Good Morning, I’m Annica Colbert….it’s Monday, July 12th. >>>> The state reparations task force and community engagement. More on that next, but first... let’s do the headlines…. ###### San Diego county health officials say they’re seeing an uptick of covid-19 cases, but that that’s expected with restrictions being lifted. They’re urging everyone who isn’t vaccinated yet to go get the shot. They say it’s the only way to prevent the more contagious delta variant from spreading. If you haven’t gotten your 2nd dose yet, well, Health and Human Services Dr Eric Mcdonald says one shot really won’t protect you from the variant. “ideally you want to get it on time but even if it’s been a month, two months four months you don't have to restart, you just need to get that second shot.” Health officials say the east county and rural parts of north county are where vaccination rates are the lowest. ……… Meanwhile, if your child is headed back to school this fall, state health officials says they will have to wear a mask.That’s despite new guidance from the CDC on Friday that says they don’t need masks inside. California Health and Human Services Secretary Dr. Mark Ghaly say that not all schools can accommodate physical distancing of at least 3 feet or more, so the best preventive measure is wearing masks indoors. ######## Just as a recall effort was gaining momentum, Cori Schumacher (shoo-mawck-er) resigned from the Carlsbad City Council on Friday. In a written statement, Schumacher says she’ll be taking on an opportunity she can’t refuse... and will be attending a university outside of San Diego. Prior to her resignation, Schumacher was facing a recall effort organized by Reform California because of her plan to fine businesses that reopened during the pandemic. ######### From KPBS, you’re listening to the San Diego News Now. Stay with me for more of the local news you need. California is the first state in the nation to convene a statewide Task force on Reparations for African Americans. They met up on Friday, and Race and Equity reporter Cristina Kim says community engagement is a key to their efforts. the task force grappled with how they will target their community engagement efforts. In other words, “WHO” must they talk to over the next two years as they come up with reparations proposals. Vice Chair Dr. Amos Brown says they must center Black Americans first and foremost… L3: Dr. Amos Brown “The people who are the subject of the offene of racism and injustice are the community.” Lisa Holder is a task force member and lawyer from Los Angeles. She agrees that Black Americans that are descendents of chattel slavery must be prioritized but thinks that their work must extend to everyone. “I think it’s very important to define the community broadly so that people feel involved in that healing process…. So that as a broader multicultural community we can come out of this restorative process more enlightened and prepared for true and authentic reconciliation.” San Diego City Council Member Monica Montgomery Steppe is our local representative on the task force. She says task force members have to be on the same page on community engagement to make any proposals a reality. “Community is going to play a huge role in getting whatever we present across the finish line” the task force made a small but important decision regarding community input. They voted to move public comment to the beginning of all their future meetings and give speakers up to three minutes. We are dealing with people who are excluded so why do we have to be like the old system. The task force is scheduled to meet again in September and hear testimonies from experts on the subject and members of the public as well as public comment. And that was KPBS’ Cristina Kim. ########## Protests continued on Friday over a new contract for doctors and nurses at palomar health center in Escondido. Protestors say the new contract would give doctors less time with patients, but the hospital says that’s not true. KPBS North County multimedia producer Alexander Nguyen has the latest. Citizens to Save Palomar Health is composed of doctors, nurses, community members and staff. They say a new contract with Emergent Medical Associates, or E-M-A would impact patient care. “NEW SOUND HERE SOMETHING ABOUT HOW PATIENTS WOULD BE IMPACTED” The group believes the primary motivation for changing providers is to save money, not to improve patient care. The group also claims there was a lack of transparency over the new contract. They allege board members may have violated the Brown Act by holding informal discussions. The Brown Act forbids public agencies such as Palomar Health from such informal discussions. When asked about the allegations, Palomar Health officials refused to comment. Ken Lounsbery is the lawyer for Citizens to Save Palomar Health. He sent a letter to Palomar Health’s board - warning them of the alleged Brown Act violation. He’s asking the board to rescind the vote for the new contract. CG: Ken Lounsbery // Lawyer for Citizens to Save Palomar Health “It is a claim based upon facts provided to us that Soriana meetings took place, that meetings behind closed doors were conducted, that board members were convinced individually.” In an email to staff obtained by KPBS dated July 7th, Palomar Health CEO Diane Hansen says patient care is the top priority. Anything else to the contrary is false. She says *quote* “The District followed proper procedures and laws in reaching its decision to engage a new physician provider. We take seriously — and will investigate — any credible allegations to the contrary.” The hospital has also said any savings will help pay for new equipment such as CT scanners and MRI machines. In Escondido, Alexander Nguyen (WIN), KPBS News. And that was KPBS’ Alexander Nguyen reporting from Escondido. ########## It’s something we’ve heard from so many public leaders over the years -- something finally needs to be done to end homelessness in San Diego. “What is happening in downtown is wholly unacceptable for the residents and for the businesses of this community. But most especially for the people who are living unsheltered in encampments along our sidewalks.” That was San Diego Mayor Todd Gloria just a few weeks ago announcing a 100-million dollar partnership with the city and county. That money is being spent to get people into shelters, starting in the downtown area. So how’s it going? How is this effort any different from work done in the past? And more importantly, will it work? KPBS health reporter Matt Hoffman checked in with those doing the one-on-one outreach required for this delicate and personal work. He spoke with KPBS’ Claire Treageser on the Roundtable. Here’s that interview…. And that was KPBS Health reporter Matt Hoffman, speaking with KPBS’ Claire Traegeser on the Roundtable. ########## Coming up.... the Biden administration is fighting a California law in court that aims to end for-profit immigration detention--that’s something the President Joe Biden himself pledged to do. That’s all next, just after the break. President Joe Biden has pledged to end for-profit immigration detention. But that’s what California aims to do with state law AB 32. Lawmakers say these detention facilities are major health risks, especially during the covid-19 pandemic. 71 people died at ICE centers between 2011 and 2018. That’s according to a new University of Southern California report that found detention center staff violated federal medical standards in more than three quarters of the deaths. Lisa Knox is legal director for the California Collaborative for Immigrant Justice. “This is a longstanding issue, which during COVID has sort of been exacerbated. We’ve long known that detention is unsafe, and that particular the medical and mental health services that are provided in detention facilities are inadequate.” But in the meantime, the Biden administration is fighting AB 32 in court. KQED’s Farida Jhabvala Romero has more on the legal challenge. And that was KQED’s Farida Jhabvala Romero reporting. That’s it for the podcast today. Be sure to catch KPBS Midday Edition At Noon on KPBS radio, or check out the Midday podcast. You can also watch KPBS Evening Edition at 5 O’clock on KPBS Television, and as always you can find more San Diego news online at KPBS dot org. I’m Annica Colbert. Thanks for listening and have a great day.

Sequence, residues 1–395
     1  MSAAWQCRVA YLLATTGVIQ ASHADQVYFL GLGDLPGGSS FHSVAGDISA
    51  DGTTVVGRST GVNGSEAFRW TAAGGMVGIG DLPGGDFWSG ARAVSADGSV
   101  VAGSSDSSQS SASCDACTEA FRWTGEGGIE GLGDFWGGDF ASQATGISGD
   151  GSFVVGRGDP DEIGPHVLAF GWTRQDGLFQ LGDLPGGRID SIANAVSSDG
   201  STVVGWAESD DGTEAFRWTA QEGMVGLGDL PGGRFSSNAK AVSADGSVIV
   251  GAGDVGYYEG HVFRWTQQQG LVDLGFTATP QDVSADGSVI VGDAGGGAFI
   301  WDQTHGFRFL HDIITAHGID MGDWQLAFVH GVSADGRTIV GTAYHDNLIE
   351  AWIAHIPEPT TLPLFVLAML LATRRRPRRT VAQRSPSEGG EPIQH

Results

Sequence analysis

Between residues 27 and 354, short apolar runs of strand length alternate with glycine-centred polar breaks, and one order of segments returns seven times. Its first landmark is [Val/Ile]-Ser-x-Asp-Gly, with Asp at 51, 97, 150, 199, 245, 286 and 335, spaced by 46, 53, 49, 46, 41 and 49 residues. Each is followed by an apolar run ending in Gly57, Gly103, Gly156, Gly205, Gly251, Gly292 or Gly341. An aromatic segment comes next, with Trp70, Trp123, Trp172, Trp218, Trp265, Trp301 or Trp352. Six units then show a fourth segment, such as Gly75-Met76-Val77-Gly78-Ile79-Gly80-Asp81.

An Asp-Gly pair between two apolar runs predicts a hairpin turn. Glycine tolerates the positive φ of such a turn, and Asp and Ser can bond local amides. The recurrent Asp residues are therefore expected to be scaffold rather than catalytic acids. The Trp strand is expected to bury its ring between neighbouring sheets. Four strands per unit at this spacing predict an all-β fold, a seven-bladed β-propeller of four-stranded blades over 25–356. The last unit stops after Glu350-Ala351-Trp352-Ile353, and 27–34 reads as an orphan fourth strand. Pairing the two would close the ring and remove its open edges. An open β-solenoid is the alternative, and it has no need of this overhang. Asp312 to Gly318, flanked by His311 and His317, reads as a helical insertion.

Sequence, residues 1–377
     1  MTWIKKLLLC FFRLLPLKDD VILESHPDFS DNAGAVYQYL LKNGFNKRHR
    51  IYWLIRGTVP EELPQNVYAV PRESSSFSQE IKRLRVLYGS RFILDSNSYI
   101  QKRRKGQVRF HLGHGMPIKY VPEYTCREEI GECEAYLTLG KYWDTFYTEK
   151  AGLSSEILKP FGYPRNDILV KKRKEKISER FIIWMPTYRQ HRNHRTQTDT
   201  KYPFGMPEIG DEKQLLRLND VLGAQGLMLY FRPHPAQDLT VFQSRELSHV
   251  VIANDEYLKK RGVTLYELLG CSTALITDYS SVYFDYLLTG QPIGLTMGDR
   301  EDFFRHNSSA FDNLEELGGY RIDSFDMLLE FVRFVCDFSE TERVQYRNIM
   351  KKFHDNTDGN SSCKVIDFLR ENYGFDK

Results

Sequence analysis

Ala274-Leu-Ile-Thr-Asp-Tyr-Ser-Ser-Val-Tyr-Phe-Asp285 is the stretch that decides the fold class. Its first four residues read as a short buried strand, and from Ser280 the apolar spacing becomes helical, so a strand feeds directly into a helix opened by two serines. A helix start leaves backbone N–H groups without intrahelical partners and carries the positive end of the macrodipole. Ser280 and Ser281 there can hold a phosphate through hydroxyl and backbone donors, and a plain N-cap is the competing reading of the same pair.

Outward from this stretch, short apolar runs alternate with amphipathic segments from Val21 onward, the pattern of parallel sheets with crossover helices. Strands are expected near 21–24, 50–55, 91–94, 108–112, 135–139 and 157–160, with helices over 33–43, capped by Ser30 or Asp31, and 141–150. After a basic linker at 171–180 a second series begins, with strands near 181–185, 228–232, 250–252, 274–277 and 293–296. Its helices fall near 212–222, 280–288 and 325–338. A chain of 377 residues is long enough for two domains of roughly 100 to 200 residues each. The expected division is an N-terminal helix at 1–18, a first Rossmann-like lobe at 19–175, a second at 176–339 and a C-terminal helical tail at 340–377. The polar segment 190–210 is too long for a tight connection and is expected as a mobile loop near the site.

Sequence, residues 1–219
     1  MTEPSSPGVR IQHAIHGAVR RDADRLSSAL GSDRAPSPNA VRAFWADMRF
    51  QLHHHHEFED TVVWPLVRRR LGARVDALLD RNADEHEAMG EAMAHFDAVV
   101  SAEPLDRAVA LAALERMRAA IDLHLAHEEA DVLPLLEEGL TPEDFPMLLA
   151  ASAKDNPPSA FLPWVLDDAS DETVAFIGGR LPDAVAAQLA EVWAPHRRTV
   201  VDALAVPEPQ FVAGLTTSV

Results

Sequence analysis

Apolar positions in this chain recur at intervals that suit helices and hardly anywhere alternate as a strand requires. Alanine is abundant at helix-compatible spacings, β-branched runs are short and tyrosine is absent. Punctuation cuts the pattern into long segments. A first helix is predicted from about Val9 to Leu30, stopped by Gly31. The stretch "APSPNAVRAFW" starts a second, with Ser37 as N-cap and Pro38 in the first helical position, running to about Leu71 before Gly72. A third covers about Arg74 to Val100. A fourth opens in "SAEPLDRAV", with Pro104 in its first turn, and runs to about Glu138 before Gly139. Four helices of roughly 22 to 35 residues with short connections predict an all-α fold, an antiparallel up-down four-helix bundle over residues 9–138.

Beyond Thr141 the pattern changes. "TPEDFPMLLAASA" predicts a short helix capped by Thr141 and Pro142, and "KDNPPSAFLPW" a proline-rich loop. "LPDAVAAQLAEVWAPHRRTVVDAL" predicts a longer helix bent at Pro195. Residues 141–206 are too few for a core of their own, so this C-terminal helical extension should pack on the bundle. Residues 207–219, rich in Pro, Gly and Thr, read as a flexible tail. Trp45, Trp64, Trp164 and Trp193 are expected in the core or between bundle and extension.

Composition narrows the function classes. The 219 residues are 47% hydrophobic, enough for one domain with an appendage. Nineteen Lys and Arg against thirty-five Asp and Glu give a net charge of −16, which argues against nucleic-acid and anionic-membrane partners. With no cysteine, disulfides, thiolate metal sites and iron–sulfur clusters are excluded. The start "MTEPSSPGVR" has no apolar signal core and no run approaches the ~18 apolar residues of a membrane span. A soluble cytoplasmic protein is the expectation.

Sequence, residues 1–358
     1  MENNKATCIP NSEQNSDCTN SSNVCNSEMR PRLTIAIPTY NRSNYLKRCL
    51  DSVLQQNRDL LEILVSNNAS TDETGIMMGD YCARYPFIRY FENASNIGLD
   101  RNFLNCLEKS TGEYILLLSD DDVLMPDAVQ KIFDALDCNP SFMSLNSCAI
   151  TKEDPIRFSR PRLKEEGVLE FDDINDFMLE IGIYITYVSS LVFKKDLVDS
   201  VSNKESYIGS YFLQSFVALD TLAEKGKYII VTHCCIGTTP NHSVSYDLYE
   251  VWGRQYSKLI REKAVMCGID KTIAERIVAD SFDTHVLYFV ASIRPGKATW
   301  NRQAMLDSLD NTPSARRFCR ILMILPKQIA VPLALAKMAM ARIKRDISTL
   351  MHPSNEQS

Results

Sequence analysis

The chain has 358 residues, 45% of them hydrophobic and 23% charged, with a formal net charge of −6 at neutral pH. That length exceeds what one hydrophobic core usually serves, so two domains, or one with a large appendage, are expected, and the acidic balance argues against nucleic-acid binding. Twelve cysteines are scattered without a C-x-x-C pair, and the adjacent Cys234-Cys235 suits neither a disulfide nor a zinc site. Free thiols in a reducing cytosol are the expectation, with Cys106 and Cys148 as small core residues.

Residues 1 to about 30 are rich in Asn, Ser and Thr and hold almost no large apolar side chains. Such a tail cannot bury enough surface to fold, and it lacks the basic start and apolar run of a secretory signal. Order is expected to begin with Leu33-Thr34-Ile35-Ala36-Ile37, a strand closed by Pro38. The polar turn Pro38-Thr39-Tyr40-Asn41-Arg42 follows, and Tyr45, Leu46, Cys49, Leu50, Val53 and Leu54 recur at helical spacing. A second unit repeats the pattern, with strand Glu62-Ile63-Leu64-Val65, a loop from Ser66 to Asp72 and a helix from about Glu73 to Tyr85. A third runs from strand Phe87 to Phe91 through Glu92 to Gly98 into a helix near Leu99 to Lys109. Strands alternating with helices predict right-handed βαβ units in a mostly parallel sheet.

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The newly established California task force met on Friday to define what community engagement will look like as they move forward. Meanwhile, a new citizens group claims Palomar Health violated the Brown Act in awarding a new contract to a physicians' group last month. Plus, how is San Diego doing when it comes to housing the homeless?